A new PowerShell downloader has been discovered – the sLoad downloader – which is being used in stealthy, highly targeted attacks in the United Kingdom and Italy. The sLoad downloader performs a wide range of checks to find out a great deal of information about the system on which it resides, before choosing the most appropriate malicious payload to deploy – if a payload is deployed at all.
The sLoad downloader was first identified in May 2018 when it was primarily being used to download the Ramnit banking Trojan, although more recently it has been delivering a much wider range of malicious payloads including Ursnif, PsiBot, DarkVNC, and Gootkit, according to security researchers at Proofpoint who have been analyzing the threat.
The malware is understood to be the work of a threat actor known as TA554 that Proofpoint has been tracking for more than a year. sLoad is being used in highly targeted attacks, mainly in the UK and Italy, although the group also frequently targets Canadian businesses.
sLoad is part of a growing breed of stealthy scripts that are being developed to perform stealthy attacks and improve the quality of infected hosts. One of the problems with infecting as many machines as possible is the attacks are noisy and are rapidly detected, giving security researchers plenty of time to analyze malware, add signatures to AV software, and develop patches.
While the spray and pray tactic of infecting as many end users as possible continues, especially by affiliates signed up to use ransomware-as-a-service, there has been a growing trend over the last few months of a much stealthier breed of malware – Malware that stays under the radar for longer and goes to great lengths to find out more about a system before attacks are launched.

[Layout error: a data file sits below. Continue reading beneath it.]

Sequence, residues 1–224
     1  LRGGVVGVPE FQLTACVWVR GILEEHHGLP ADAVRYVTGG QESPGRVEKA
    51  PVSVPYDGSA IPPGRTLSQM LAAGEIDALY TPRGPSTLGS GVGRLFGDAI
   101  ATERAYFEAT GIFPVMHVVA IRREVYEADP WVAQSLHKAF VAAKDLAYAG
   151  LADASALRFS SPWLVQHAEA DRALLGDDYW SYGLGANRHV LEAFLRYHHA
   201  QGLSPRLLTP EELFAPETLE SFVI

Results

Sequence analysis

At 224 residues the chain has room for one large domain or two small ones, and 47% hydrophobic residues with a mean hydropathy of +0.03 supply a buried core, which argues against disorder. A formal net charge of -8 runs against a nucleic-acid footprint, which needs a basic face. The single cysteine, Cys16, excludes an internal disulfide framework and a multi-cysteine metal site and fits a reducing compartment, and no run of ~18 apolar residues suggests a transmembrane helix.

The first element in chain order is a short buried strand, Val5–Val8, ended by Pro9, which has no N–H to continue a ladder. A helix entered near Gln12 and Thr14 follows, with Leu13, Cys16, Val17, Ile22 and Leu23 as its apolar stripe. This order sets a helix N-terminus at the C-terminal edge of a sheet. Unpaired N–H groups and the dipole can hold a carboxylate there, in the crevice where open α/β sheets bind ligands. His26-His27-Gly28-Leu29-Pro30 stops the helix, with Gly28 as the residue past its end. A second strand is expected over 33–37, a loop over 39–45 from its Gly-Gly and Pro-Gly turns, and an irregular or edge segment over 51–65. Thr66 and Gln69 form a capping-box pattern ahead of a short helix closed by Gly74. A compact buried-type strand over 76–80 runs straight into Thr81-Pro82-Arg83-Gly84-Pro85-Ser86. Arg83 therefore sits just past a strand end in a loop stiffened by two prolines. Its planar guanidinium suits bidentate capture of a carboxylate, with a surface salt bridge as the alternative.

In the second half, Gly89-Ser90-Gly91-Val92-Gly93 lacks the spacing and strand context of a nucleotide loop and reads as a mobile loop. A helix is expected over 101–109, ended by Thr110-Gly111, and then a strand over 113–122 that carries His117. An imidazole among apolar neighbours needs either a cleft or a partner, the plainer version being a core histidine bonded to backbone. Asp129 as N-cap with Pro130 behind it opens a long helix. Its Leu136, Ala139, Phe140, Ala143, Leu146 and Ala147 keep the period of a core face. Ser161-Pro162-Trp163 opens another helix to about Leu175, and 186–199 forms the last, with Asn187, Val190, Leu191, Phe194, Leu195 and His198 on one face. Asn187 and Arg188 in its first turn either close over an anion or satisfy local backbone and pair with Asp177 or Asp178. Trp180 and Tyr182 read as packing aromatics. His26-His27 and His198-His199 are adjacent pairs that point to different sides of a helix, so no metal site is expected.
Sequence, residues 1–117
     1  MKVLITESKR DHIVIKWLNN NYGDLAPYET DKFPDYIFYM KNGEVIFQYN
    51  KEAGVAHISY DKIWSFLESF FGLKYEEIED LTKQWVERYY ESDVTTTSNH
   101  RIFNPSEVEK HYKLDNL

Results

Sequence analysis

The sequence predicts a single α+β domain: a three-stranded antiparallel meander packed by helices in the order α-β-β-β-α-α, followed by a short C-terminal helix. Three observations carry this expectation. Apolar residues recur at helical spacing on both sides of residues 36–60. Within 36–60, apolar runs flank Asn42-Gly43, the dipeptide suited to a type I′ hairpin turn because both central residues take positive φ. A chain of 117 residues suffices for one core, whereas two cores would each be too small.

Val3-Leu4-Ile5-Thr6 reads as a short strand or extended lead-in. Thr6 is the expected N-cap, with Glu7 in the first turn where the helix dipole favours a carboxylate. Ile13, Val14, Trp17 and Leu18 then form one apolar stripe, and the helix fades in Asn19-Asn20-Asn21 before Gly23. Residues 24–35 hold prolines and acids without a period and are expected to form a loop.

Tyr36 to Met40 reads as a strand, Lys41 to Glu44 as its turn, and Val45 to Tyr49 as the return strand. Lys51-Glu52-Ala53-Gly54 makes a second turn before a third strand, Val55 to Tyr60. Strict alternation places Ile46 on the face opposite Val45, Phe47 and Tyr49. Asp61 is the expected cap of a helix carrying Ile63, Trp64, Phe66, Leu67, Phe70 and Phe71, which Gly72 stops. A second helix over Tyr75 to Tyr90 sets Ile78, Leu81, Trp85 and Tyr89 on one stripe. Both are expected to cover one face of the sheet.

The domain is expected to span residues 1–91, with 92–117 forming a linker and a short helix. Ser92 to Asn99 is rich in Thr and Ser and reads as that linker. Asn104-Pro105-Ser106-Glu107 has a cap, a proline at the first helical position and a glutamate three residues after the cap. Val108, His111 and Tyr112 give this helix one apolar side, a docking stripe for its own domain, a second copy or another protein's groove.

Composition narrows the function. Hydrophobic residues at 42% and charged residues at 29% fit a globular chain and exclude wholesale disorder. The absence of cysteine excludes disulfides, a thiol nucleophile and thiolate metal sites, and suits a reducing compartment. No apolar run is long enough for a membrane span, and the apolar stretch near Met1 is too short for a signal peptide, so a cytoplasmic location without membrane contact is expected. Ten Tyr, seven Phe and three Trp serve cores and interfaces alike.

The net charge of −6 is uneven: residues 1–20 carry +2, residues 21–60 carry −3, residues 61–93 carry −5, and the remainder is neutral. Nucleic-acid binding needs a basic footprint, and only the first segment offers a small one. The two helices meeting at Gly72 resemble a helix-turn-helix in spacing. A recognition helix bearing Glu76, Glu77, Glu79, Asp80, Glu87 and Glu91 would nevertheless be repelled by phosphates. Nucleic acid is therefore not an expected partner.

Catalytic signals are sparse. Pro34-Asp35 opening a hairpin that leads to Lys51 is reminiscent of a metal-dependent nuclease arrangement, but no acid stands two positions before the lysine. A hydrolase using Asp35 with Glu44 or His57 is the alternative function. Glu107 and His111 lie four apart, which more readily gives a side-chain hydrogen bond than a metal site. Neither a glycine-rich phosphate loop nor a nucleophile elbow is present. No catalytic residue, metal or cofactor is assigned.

Infection primarily occurs via spam emails, which are carefully crafted, written in the targeted country’s language, and include personalized information such as the target’s name and address to add credibility. The most common subjects and message themes are missed package deliveries and purchase orders, which are detailed in documents attached to the emails. Hyperlinks are also used to link to zip files containing the documents. The documents contain malicious macros that launch PowerShell scripts, which download the sLoad downloader.
The threat group extensively uses geofencing at all points in the infection chain. This restricts infection to specific locations as well as dictates what actions are taken when a host is infected. This is particularly important when the final payload is a banking Trojan. Banking Trojans target country-specific banks and use specific web injects for those attacks.
The sLoad downloader checks to determine if certain security processes are running on a system, and will exit if those processes are found. A list of all running processes will be collected and sent back to its C2 server along with details of Citrix-related .ICA files, Outlook files, and a wide range of other system information. sLoad will also check browsing histories to determine whether the user has previously visited banks that are being targeted and will report back on its findings.
If the infected device has been used to access a banking website that Ramnit is targeting, the banking Trojan will be downloaded, although other malware variants can also be delivered depending on the information discovered during the reconnaissance phase.
“sLoad, like other downloaders we have profiled recently, fingerprints infected systems, allowing threat actors to better choose targets of interest for the payloads of their choice,” wrote Proofpoint. “Downloaders, though, like sLoad, Marap and others, provide high degrees of flexibility to threat actors, whether avoiding vendor sandboxes, delivering ransomware to a system that appears mission critical, or delivering a banking Trojan to systems with the most likely return.”